From the shadows and the light, they support my journey, these spirits of animals who were always near, moving me forward in good community. They always led and nudged me, helping me find or keep my footing. When lost, they curl around me like invisible quilt of patchwork lives, each piece out of time and space now able to weave itself anywhere so that I can catch my own falling star and put it back where sit needs to be. Their energy ever near, ever clear, transparent yet stronger than any top bridge built across a ravine daunting and scary; they hold my heart and hand, wrapped around me like a band of shadow’s indigo. I know. They are here. Companions, ancestors, lovers and opponents who would support or toss away my dreams in a long line of effort so that I could find my inner design, the pattern of soul frequency that is uniquely me.

We all have those who go before we do, known by touch or just by essence; they support us and we treasure them, their precious gifts. Sometimes unrealized in life, only fully becoming in the space that is shimmering around us. I cannot see them twinkle in the bright glare of day, but, ahhhh…when when shadow falls I see them all for they are the shades of reflection and wisdom, of the young womb or wonder that plays in the dark chasing lightening-bugs and receiving bits of powder-fine dirt into every crevice of barefoot play. Seems only yesterday, they and I were one among earth and stars, one dust, one expanse of ocean depth giggling on the surface in foamy waves teasing each other to see who could reach the grotto first and fill the tidal pool with new life.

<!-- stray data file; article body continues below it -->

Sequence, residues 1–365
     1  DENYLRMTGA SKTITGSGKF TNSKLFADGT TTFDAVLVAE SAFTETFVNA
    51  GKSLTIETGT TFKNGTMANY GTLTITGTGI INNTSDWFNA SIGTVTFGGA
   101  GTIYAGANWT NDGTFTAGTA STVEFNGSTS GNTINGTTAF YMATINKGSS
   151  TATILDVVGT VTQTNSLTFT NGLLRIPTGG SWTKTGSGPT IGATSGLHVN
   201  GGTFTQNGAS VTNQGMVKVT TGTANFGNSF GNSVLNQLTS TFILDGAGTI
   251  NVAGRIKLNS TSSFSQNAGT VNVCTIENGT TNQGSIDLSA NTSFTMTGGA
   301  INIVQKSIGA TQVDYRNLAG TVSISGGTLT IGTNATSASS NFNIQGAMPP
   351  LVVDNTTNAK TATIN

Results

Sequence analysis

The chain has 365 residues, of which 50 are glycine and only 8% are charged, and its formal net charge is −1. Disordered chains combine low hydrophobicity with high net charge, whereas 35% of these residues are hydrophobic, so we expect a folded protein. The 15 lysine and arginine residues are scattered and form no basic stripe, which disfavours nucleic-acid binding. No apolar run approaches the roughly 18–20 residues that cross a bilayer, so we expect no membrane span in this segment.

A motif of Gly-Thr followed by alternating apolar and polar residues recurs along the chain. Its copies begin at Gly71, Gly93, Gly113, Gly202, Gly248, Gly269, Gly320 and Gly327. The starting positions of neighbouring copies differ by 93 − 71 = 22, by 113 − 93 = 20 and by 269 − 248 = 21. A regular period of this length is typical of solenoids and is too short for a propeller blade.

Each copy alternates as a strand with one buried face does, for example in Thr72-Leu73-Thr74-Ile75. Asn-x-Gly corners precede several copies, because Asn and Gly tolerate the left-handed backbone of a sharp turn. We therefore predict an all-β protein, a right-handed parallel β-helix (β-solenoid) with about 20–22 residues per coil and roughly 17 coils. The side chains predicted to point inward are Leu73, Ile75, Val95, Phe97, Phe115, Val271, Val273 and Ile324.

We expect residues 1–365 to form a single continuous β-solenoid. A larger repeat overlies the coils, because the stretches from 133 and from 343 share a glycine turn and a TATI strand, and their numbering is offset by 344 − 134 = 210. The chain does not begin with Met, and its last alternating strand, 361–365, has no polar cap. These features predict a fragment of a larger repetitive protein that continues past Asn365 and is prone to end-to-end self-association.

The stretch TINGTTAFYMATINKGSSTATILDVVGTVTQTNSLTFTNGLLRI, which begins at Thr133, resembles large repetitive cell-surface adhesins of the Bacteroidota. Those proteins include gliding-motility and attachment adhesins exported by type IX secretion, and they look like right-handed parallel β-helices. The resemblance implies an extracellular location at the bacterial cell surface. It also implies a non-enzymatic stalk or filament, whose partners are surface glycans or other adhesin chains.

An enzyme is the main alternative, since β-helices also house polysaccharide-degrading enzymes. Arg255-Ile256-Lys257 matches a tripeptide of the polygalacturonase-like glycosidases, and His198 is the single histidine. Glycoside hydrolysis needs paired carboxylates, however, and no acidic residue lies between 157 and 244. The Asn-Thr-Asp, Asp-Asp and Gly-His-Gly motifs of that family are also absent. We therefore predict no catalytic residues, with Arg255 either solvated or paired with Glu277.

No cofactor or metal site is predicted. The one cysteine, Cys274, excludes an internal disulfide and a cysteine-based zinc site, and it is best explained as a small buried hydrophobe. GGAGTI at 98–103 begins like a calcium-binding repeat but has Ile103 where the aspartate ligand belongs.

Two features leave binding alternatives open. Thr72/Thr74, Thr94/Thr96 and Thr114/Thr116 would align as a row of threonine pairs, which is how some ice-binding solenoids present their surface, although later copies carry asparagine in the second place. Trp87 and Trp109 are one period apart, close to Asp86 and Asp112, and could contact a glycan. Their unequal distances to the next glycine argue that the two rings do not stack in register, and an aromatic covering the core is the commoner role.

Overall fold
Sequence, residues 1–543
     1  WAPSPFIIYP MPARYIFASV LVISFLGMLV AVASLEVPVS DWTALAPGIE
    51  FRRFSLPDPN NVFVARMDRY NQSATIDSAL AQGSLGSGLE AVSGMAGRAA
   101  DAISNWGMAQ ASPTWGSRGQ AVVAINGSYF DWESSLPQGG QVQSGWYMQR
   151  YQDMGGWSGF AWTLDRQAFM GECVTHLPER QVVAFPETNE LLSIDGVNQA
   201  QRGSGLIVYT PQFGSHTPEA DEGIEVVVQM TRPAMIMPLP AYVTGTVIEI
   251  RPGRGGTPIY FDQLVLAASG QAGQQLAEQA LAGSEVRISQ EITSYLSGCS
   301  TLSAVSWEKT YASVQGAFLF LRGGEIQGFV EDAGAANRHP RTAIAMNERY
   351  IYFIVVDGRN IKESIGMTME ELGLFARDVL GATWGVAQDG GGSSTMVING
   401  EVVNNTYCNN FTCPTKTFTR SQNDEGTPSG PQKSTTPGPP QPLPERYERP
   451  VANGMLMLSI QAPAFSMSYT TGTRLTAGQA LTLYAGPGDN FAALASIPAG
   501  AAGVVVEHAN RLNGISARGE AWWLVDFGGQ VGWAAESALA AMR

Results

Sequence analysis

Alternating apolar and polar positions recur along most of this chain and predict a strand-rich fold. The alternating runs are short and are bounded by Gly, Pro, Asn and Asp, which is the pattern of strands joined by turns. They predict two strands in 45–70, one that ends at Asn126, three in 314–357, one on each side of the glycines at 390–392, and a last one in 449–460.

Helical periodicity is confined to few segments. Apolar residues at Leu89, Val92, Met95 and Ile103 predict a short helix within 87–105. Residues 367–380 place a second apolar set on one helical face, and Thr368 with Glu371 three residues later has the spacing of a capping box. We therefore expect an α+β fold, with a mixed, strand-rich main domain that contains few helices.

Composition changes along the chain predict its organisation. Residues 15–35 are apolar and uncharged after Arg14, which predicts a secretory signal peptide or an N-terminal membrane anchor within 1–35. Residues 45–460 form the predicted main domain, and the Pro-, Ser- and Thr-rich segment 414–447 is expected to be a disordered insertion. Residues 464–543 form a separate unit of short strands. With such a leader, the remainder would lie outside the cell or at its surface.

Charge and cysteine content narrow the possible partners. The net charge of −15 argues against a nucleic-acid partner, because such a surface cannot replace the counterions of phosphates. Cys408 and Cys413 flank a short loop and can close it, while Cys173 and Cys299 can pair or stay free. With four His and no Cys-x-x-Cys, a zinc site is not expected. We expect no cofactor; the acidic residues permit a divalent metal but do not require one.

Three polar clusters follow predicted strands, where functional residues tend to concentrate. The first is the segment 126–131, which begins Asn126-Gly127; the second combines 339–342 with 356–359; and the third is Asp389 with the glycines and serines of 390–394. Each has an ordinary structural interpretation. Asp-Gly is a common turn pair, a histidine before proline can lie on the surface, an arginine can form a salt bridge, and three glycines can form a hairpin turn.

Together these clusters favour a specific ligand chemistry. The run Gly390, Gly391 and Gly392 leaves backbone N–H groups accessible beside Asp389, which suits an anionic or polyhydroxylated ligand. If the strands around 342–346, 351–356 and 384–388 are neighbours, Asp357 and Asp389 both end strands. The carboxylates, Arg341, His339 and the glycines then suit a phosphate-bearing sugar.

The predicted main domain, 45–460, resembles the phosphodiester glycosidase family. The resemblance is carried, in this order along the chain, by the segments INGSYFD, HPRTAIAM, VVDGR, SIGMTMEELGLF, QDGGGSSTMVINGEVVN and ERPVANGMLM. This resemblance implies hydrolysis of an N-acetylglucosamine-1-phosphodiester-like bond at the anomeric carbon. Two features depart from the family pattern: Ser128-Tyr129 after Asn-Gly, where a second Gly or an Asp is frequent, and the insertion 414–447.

The face of encouragement is both smooth and wrinkled, bearded and furred, feathered and twining around rough trunks stable and serene. Whose face do you see? Whose countenance fills you up and stimulates your presence into grace?

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Thus far, I could go in myriad directions with every single poem of Emily Dickinson—they are touching on all levels, through metaphor or reality events. No one will ever decipher her essence of meaning in them, not for sure, because we cannot ask her for her truth within them. We can only impose our own perceptions upon them. Can we know her heart depths in them? Is it necessary to? No. She left a legacy of portals through which we can step to explore ourselves, and, yes, play with her explorations of self … though without confirmation. Maybe this is part of why her poems sing to me—they are open-ended, open-souled mystery. Did Emily ever dream that she might be “the stimulus beyond the grave”?